Manchester City Council

Keeping Quiet

In London yesterday, principally for a meeting of the Local Government Association Executive Committee. The main items on the agenda were connected items of local government finance and welfare reform. The item of most immediate concern is reform of Council Tax benefit where government is planning to hand it over to local authorities lock, stock and barrel. Just the sort of devolution we've been looking for you might say. Well yes but unfortunately they are only going to provide 90% of the current funding and still expect a large number of recipients to be 100% protected. One of the London boroughs ( A conservative one ) has crunched some numbers on this which suggest that almost 4000 of their 20,000 Council tax benefit claimants will receive a cut of 49.5%.

Coming down the road after that are the universal credit and the benefits cap. Clearly the idea of the benefits cap is popular with the public as is the notion of dealing with " benefit scroungers " but unfortunately the cap as currently envisaged is a very blunt instrument and it's families with children that are most likely to be bludgeoned with it.

A special meeting of the Greater Manchester Combined Authority( CA ) and AGMA Executive today but I can't tell you a great deal about it because, unusually, all three items discussed were held in part B, ie with press and public excluded. I can however tell you the subject matter. The CA discussed where we are up to with our Deal for Cities negotiations, an attempt to get more devolution for the Manchester city-region particularly around economic development and job creation. As a subset of that we had a more detailed look at a Greater Manchester bid to the Urban Broadband Fund which if successful would be a step to ensuring that all businesses and homes in the city are within reach of higher speed broadband services than those now commonly available. AGMA Executive, as a body that brings together all the shareholders in Manchester Airport Group, was looking at airport strategy and how in the medium to long-term we maximise both the financial and economic benefits to the city-region and get the best value for money for our Council tax payers.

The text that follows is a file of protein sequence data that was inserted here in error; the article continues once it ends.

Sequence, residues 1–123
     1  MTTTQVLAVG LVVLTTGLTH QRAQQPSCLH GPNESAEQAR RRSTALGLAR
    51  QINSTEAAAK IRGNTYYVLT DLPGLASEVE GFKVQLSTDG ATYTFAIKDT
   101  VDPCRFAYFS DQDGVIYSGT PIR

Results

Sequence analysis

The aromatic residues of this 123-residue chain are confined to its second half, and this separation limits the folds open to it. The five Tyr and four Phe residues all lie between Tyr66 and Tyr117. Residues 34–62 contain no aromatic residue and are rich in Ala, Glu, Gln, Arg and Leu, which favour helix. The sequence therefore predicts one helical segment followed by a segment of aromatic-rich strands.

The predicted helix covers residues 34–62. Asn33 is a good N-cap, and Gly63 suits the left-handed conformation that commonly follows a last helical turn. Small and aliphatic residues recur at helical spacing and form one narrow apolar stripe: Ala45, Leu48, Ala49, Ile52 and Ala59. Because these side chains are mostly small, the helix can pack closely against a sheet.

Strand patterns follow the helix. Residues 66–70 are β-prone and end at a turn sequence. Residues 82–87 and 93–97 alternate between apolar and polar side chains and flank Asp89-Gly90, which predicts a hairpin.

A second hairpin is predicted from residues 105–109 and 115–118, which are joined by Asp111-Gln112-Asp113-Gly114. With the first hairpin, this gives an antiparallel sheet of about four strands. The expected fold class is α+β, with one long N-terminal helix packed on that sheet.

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There are 3 responses to “Keeping Quiet”

  1. mikematthews Says:

    Be interested to find out if the shadow front bench team are as switched onto how this legislation will play out on the ground and if there is a joined up strategy to attempting ammending any parts of the bill?

  2. Mike Tenby Says:

    “Coming down the road after that are the universal credit and the benefits cap. Clearly the idea of the benefits cap is popular with the public as is the notion of dealing with " benefit scroungers " but unfortunately the cap as currently envisaged is a very blunt instrument and it's families with children that are most likely to be bludgeoned with it.”

    What evidence is this statement based on? You seem incredibly angry that there might be a valid opposing view to your own. The whole blog entry made me feel very sorry for you. It is sad.

  3. Ian Says:

    Is that the front bench team that live in North London then in homes worth 1.5 million, no I think not, get ready for more political slip ups from Labour.

 

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The blog of the leader of Manchester City Council, Councillor Richard Leese.

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